June 22, 2003


A Tiny Bit of BIG: Artist examines how young cultures celebrate by supersizing it

Turn away from the multi-laned super-slabs of asphalt, the ones decorated only with orange barrels and billboards.
Seek out the roads less traveled, the highways and the byways that take travelers through, rather than around, this country and its people.
That's where you're more likely to find these treasures, these icons of American identity, ingenuity, audacity, temerity, obstinacy, silliness and pride.
Maybe it's the World Largest Ball of Twine -- or at least, one of the World's Largest Balls of Twine (there are three claimants to the title). Perhaps it's a huge sculpture, like the World's Largest Bull, located in Iowa, or Bemidji, Minn.'s World's Largest Sculpture of Paul Bunyon and Babe, the Blue Ox.
Or it could be something that simply defies anything other than a simple description, like the World's Largest Re-creation of the Ancient Site of Stonehenge Using Cars Instead of Huge Planks of Rock -- the so-called Carhenge, located in the wilds of Nebraska.
Don't have the time, money and sense of direction necessary to track down all these natural and man-made wonders? Then just drive a couple of blocks east of downtown Tulsa, to the home of Living Arts of Tulsa.
Erika Nelson has a few things to show you.
Nelson is the creator, curator and chauffeur of "The World's Largest Collection of the World's Smallest Versions of the World's Largest Things," a traveling museum of replicas of these gigantic gewgaws of Americana.
She is in Tulsa through the end of this week, taking part in Living Arts of Tulsa's summer art camp, leading classes for local youngsters in sculpture and performance art.
The Myers Gallery at Living Arts currently features Nelson's installation exhibit, "Domesticated: Deconstructing the American Dream," which will exist until Saturday. (More on that choice of words in a moment.)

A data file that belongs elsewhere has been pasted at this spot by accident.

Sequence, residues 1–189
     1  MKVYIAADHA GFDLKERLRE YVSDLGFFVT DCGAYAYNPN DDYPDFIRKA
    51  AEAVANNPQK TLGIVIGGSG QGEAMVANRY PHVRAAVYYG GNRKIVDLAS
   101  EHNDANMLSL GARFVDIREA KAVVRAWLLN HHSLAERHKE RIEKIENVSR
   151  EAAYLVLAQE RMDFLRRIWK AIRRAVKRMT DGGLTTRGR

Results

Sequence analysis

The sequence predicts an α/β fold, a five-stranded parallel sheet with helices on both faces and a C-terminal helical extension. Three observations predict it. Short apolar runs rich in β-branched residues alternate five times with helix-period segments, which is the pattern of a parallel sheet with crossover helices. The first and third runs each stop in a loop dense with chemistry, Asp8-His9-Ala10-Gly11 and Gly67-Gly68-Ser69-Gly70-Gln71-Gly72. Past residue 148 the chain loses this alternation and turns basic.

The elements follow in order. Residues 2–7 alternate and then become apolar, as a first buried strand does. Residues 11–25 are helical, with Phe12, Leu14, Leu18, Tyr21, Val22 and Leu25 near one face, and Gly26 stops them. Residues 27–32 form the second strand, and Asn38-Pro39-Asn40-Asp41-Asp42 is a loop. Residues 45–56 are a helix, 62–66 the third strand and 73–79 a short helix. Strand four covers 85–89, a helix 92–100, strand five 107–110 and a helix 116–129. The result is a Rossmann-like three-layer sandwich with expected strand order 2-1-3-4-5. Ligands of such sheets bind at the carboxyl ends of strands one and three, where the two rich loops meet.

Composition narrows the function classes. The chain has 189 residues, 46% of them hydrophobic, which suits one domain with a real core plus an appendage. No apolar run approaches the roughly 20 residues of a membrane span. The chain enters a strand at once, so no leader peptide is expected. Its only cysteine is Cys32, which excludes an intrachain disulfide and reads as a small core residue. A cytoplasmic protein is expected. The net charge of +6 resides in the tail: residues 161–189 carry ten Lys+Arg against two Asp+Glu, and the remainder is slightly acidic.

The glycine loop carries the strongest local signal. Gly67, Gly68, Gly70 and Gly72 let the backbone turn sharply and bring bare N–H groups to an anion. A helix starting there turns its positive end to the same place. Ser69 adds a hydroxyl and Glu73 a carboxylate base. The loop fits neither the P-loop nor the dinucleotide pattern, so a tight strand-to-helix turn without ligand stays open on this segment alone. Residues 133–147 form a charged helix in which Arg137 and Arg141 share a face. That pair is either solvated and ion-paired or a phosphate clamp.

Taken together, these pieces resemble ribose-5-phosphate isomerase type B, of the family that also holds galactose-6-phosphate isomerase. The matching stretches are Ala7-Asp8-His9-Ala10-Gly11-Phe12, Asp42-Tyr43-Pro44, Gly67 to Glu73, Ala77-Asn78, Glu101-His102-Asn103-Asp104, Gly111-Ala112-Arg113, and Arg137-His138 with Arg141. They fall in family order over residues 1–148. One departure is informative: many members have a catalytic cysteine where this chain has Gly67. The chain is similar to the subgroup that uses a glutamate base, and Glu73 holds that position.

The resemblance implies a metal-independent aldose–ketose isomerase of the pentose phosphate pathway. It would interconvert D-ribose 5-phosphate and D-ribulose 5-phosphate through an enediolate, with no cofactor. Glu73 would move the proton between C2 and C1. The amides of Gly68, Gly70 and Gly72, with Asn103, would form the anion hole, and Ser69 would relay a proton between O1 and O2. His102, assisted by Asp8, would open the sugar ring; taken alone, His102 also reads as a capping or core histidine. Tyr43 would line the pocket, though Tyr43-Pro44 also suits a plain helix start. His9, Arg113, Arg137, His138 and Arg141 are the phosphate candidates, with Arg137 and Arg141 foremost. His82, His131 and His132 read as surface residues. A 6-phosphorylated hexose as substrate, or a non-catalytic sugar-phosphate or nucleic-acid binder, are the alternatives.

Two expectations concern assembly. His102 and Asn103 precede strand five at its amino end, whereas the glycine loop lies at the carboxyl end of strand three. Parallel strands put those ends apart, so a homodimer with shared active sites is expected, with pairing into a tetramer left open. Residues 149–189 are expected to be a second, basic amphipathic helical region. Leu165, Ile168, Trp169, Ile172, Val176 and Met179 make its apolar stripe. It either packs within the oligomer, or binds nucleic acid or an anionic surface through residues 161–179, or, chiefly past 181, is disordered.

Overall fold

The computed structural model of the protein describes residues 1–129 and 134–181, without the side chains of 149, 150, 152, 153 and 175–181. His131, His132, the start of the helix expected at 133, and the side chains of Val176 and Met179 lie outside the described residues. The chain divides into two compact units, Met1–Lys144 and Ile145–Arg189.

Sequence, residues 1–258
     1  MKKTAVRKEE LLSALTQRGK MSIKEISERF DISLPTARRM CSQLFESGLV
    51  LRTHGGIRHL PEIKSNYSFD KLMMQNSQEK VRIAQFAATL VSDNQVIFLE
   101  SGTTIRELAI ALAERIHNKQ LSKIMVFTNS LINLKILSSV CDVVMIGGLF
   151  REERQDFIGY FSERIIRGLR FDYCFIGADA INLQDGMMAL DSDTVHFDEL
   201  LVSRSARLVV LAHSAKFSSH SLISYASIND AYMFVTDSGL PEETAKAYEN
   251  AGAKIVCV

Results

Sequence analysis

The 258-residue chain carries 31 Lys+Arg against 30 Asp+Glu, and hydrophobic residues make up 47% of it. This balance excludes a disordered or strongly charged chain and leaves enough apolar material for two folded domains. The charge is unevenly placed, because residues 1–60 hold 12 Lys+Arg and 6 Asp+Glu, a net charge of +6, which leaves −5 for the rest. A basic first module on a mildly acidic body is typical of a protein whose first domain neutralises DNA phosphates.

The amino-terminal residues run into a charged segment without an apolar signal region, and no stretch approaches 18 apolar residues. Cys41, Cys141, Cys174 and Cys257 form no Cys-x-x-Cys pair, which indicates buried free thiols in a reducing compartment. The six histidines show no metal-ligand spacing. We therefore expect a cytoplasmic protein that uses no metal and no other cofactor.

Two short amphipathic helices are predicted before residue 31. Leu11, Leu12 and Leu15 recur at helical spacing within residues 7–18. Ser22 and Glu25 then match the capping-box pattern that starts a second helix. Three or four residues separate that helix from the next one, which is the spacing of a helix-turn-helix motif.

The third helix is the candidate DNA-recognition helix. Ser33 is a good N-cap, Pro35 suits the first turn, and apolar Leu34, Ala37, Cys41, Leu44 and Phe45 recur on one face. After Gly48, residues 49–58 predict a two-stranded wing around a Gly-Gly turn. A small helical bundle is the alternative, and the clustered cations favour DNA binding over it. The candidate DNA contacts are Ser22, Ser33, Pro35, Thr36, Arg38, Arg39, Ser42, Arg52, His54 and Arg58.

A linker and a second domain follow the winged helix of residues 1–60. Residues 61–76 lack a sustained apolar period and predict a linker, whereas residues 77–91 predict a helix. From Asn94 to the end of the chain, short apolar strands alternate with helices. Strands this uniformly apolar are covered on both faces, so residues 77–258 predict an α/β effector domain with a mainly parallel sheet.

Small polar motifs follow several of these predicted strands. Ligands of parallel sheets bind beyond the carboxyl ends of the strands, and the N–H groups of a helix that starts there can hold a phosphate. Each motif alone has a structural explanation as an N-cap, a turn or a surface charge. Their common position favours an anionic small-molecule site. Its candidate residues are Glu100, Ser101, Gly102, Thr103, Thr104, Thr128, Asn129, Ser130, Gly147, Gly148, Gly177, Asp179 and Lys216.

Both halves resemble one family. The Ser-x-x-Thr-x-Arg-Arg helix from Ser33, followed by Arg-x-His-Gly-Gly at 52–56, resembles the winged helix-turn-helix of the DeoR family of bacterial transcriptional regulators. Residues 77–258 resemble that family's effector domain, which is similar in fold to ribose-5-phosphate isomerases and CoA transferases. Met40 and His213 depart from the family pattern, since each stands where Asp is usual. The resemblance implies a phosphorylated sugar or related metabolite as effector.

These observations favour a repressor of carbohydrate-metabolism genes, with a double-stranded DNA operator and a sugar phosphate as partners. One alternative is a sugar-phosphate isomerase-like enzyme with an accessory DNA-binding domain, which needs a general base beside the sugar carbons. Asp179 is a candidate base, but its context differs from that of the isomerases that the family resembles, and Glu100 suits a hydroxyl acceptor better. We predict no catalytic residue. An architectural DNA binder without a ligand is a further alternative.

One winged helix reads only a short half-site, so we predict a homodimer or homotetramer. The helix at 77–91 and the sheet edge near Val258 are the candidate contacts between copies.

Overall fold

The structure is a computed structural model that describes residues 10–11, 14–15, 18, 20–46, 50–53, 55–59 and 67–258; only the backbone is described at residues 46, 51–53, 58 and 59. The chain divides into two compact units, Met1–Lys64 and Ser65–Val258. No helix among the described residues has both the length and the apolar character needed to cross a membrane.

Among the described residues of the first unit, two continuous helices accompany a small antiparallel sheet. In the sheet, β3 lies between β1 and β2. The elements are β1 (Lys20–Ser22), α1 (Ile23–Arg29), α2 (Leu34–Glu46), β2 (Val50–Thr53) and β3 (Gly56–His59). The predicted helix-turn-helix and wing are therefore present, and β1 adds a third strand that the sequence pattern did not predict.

And then, of course there is the ... well, the "WLCo/WSVo/WLT," to use Nelson's own acronym.
The museum is housed in what once was a small bus, which also serves as Nelson's principal living quarters
More specifically, the museum's displays fill the windows of one side of the van -- tiny versions of the World's Largest Loon, the World's Largest Ball of Rubber Bands, the World's Largest Bull, the World's Largest Pecan. The display also includes photographs of the replica juxtaposed with the actual object.


Inside the van is a table and bench seats that serve as the "visitor's lounge area" and a cabinet that serves as the museum's "reference library."
And on the ceiling is a map of the United States, strewn with white circles and black spots, some of these with dots of red in the middle.
"The circles are places I haven't been to yet," Nelson explained, "the black spots are the places I've been to, and the red means I've made a replica of that object.
"You'll notice that there aren't that many sites as you go west," she said, trailing a hand across the Rocky Mountain states like Wyoming and Montana. "It's not 'til you get to California that things pick up again. California has a lot of sites, and of course Texas, because they have that claim that everything is big in Texas.
"But Minnesota and Wisconsin -- it kind of looks like those states have been hit by a shotgun blast, there's so many sites there," she said.
Oklahoma even has a few of the World's Largest Things: the World's Largest (and Only ) Golden Driller; the World's Largest Blue Whale, outside Catoosa; and the World's Largest Totem Pole, near Foyil.
And Oklahoma City has the World's Largest Tube of Caulk -- so Nelson says. That's one of the sites she hasn't visited yet.
The impetus for creating the "WLCo/WSVo/WLT" goes back to the road trips Nelson's family would take when she was a youngster.
"On every family road trip, there's always a screaming kid that wants to stop and see the roadside attractions, buy the moccasins, see the walnut bowls," Nelson said. "Well, I was that kid. And my parents would on occasion stop, I guess hoping that would appease me. But I just wanted more.